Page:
It is suspected that on June 30, 2013, Joan was fed up with her son’s use of drugs and told him to leave her home, but Dale didn’t like change, Osborn said. A struggle ensued and Joan was punched by her son. She was found by her youngest son after dying from blunt-force trauma. Dale pleaded guilty to second-degree murder and was given 25 years to life in prison.
Osborn didn’t recognize the signs of elder abuse at first, she said, but her understanding was changed when a friend, an expert in elder abuse, explained that her mother was mentally abused by her brother. “I missed the signs of elder abuse and I don’t want anyone else to miss them. I just don’t want anyone else to go through what we did.”
Today, Osborn is speaking and educating the community about elder abuse. During World Elder Abuse Awareness Day, she is working with the Department of Health and Human Services to get the word out across the state.
“No family should experience what Jodi and her family endured,” Pristow said. “That’s why it’s so important on World Elder Abuse Awareness Day for Nebraskans to learn how to recognize and report elder abuse and neglect. It’s everyone’s responsibility.”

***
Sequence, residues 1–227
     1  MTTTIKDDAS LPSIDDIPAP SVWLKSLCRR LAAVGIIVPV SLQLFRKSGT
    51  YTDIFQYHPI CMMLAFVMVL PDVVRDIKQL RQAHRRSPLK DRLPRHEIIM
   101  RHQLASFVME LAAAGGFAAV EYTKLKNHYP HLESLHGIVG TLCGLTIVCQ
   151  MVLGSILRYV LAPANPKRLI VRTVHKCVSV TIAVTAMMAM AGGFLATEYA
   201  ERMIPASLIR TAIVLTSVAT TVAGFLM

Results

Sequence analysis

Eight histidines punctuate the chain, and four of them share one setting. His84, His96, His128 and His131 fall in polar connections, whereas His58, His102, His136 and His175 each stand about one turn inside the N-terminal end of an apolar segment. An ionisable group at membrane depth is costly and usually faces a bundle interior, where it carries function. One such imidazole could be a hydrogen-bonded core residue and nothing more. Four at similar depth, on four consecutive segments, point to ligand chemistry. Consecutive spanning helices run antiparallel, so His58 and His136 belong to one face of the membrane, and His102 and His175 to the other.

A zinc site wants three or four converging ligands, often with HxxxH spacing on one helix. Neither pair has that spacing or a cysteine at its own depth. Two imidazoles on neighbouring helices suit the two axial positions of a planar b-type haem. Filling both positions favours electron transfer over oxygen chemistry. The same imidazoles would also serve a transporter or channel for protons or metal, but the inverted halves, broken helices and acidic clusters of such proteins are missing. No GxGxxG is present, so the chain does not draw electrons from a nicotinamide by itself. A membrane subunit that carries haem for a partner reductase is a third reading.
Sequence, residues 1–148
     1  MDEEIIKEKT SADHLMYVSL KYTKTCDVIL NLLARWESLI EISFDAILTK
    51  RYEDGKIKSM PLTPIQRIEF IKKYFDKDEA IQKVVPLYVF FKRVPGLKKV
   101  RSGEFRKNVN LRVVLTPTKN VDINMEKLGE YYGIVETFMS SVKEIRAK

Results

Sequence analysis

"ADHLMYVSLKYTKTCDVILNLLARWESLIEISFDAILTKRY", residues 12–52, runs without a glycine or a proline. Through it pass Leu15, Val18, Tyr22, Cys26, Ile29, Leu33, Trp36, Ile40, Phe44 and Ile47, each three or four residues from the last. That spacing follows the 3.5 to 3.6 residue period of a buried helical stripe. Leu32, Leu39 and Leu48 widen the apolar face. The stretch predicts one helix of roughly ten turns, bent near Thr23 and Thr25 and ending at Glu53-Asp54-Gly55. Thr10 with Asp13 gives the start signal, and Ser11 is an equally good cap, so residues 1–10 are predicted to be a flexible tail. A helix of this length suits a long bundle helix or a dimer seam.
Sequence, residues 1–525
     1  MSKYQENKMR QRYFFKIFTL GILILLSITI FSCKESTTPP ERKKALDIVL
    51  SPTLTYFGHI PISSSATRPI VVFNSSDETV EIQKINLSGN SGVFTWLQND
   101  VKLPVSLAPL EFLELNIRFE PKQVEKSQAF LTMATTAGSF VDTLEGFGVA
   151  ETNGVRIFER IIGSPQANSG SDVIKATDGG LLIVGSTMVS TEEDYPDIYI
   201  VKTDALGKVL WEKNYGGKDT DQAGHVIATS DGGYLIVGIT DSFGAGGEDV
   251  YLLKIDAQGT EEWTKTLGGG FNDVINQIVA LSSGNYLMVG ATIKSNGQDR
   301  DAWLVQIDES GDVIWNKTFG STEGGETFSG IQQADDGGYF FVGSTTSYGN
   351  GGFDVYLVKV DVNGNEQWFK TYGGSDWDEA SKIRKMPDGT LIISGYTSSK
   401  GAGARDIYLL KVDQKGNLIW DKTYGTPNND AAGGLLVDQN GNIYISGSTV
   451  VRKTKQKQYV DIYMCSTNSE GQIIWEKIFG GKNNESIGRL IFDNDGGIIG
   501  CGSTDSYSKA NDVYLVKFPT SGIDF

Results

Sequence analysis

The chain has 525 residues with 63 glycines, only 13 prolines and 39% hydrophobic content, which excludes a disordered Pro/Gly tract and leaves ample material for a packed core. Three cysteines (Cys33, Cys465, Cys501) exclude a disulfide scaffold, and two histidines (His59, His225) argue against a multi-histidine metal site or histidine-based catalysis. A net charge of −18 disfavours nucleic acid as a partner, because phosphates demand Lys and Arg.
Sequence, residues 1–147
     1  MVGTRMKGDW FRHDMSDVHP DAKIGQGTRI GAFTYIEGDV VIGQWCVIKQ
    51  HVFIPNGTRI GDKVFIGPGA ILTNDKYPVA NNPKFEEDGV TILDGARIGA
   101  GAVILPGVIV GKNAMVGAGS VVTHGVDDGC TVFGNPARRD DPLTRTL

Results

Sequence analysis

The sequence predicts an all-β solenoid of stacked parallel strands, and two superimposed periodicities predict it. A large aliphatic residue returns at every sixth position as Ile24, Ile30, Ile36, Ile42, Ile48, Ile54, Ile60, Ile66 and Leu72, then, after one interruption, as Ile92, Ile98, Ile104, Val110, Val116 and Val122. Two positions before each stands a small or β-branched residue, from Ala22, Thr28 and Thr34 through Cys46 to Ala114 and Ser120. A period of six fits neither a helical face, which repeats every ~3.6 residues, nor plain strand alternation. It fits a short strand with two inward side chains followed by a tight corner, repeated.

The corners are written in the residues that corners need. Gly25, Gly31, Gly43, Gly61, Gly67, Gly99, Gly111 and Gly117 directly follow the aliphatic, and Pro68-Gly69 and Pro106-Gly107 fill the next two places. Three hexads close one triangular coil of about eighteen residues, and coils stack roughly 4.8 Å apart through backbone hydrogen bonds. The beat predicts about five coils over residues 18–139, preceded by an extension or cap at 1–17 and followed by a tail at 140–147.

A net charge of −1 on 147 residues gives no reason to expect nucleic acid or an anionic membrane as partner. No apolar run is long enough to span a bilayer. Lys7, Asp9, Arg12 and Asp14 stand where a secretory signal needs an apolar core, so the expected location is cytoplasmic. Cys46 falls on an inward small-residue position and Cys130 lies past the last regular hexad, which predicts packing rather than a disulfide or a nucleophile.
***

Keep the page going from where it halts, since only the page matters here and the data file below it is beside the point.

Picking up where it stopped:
With the number of people 65 or older growing to 20 percent of the U.S. population in the next 15 years, the need for greater awareness about elder abuse will continue to grow, Miller said. She urged Nebraskans to take time on June 15 to learn more about the signs of abuse and neglect.
The effects of elder abuse extend to family and friends who are left with feelings of guilt and ‘what-could-have-beens,’ Osborn said. It’s far better to call the hotline even when someone only suspects abuse than for the elderly to be obviously abused or neglected before notifying authorities.
Events will be held across the state as local Area Agencies on Aging and other organizations stage activities to promote World Elder Abuse Awareness Day, the Nebraska’s Adult Abuse and Neglect Hotline, local services and to point out signs of elder abuse, such as:
  • Unexplained signs of injury such as bruises, welts, or scars, or broken bones, sprains, or dislocations.
  • Bruises around breasts or genitals, or torn, stained, or bloody underclothing.
  • Unusual weight loss, malnutrition, dehydration.
  • Untreated physical problems, such as bed sores, and unsanitary living conditions like dirt, bugs, soiled bedding and clothes.
  • Significant withdrawals from the elder’s accounts, or sudden changes in the elder’s financial condition.
  • Items or cash missing from the senior’s household.
  • Problems with the care facility: poorly trained, poorly paid, or insufficient staff; crowding; inadequate responses to questions about care.
  • Reports of drug overdose or apparent failure to take medication regularly (a prescription has more remaining than it should).
If abuse is suspected, call the Adult Abuse and Neglect Hotline at 1-800-652-1999. The call may be anonymous.